The proceedings of the international conference which took place at the University of Ottawa in October 2006 to mark the 50th anniversary of the Hungarian Revolution have been published by the University of Ottawa Press. The conference was part of a series of activities in the fall of 2006 including concerts, films, exhibitions, and other commemorations undertaken in collaboration between national cultural agencies, universities, and community organizations. The Canada-Hungary Educational Foundation (set up in 2005 to create awareness for this anniversary and Canada’s generous response to the refugee exodus) participated in a number of these activities as reflected on many pages of this website, which was itself a 50th anniversary project. We are pleased to publish here a review by Ottawa writer and former CBC journalist Kevin Burns of this new collection of essays. Read the review...
The 1956 Hungarian Revolution. Hungarian and Canadian Perspectives will be officially launched at the University of Ottawa on November 2nd 2010. Details to follow.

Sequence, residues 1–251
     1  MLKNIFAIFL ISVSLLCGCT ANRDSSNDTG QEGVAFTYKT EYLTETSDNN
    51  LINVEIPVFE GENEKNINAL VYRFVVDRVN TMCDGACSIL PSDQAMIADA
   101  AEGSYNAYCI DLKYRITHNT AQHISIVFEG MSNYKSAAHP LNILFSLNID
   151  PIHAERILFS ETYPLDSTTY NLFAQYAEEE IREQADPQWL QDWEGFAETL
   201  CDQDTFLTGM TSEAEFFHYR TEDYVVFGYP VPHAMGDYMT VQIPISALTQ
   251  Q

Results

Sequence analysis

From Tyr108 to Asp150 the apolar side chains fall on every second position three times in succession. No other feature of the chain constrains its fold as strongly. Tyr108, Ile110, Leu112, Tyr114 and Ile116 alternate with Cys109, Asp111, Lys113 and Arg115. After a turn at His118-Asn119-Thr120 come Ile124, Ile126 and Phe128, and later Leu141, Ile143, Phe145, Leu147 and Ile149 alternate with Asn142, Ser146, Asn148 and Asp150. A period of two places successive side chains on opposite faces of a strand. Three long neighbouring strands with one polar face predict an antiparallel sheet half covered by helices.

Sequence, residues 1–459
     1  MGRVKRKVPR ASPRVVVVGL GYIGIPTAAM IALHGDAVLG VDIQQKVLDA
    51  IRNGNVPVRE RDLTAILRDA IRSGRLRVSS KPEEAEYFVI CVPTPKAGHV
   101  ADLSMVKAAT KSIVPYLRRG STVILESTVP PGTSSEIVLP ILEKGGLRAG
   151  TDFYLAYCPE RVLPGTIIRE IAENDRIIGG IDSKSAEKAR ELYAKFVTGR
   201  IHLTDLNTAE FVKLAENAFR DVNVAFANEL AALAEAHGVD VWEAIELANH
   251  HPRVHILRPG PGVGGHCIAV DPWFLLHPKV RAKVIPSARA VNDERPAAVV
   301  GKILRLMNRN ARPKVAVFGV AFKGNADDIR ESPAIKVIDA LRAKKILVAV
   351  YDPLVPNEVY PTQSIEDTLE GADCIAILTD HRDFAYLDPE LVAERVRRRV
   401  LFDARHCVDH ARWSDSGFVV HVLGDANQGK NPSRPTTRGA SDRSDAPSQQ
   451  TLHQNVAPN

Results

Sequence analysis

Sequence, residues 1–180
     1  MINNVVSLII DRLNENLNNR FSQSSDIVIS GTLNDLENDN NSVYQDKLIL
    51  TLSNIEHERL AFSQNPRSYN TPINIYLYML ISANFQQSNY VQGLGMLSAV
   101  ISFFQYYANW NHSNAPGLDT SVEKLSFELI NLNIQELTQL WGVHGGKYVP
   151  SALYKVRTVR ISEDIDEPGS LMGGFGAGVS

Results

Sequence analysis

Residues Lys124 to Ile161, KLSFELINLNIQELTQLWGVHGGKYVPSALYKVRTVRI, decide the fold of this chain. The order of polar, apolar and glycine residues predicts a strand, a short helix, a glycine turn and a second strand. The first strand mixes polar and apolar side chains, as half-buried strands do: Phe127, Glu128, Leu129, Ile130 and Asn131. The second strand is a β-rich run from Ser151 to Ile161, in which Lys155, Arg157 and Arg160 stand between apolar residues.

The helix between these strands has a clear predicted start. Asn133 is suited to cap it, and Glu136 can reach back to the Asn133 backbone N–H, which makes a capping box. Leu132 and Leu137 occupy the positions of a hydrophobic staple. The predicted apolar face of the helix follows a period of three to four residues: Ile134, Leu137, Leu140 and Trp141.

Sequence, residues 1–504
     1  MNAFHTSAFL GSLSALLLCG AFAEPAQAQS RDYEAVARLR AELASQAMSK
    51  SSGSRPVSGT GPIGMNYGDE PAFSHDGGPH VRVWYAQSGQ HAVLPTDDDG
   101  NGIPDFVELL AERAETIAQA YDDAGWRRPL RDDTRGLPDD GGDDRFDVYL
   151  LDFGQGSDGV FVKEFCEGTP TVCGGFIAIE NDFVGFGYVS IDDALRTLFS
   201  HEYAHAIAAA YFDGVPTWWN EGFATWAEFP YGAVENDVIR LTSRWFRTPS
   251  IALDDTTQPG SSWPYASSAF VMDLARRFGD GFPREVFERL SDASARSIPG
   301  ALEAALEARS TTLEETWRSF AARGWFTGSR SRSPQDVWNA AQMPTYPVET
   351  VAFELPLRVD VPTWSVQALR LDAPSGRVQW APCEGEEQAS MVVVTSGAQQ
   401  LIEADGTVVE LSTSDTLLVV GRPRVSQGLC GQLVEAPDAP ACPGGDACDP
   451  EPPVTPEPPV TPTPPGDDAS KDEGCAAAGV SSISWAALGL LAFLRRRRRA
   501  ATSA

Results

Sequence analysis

The Canada-Hungary Educational Foundation and Water Polo Canada jointly organized a gala premiere of the historical documentary Freedom’s Fury. The event took place at the National Gallery of Canada on September 29th, 2006. Some four hundred people enjoyed the evening including many young water polo players, as well as members of the local Hungarian community. Read more and see video clip .
A specially commissioned photo exhibit on the creative diversity of the Hungarian presence in Canada was inaugurated on October 4th, 2006 at the National Arts Centre (NAC) as part of the NAC’s Hungarian 50th Celebrations. The exhibit consisted of fifty portraits by V. Tony Hauser, one of Canada’s preeminent portrait photographers. The exhibition included some panels created by the Library and Archives Canada conveying the historical background on Canada’s role in accepting the 1956 refugees. Read more...
A national monument to commemorate the 1956 revolution and express the gratitude of the Hungarian refugees who came to Canada was unveiled on October 4th 2006 on Maple Island in the Rideau River near the Foreign Affairs Building in Ottawa. The monument was commissioned with funds raised entirely by individuals, organizations, members of the Hungarian community and their friends across the country. There were contributions received from all provinces and territories.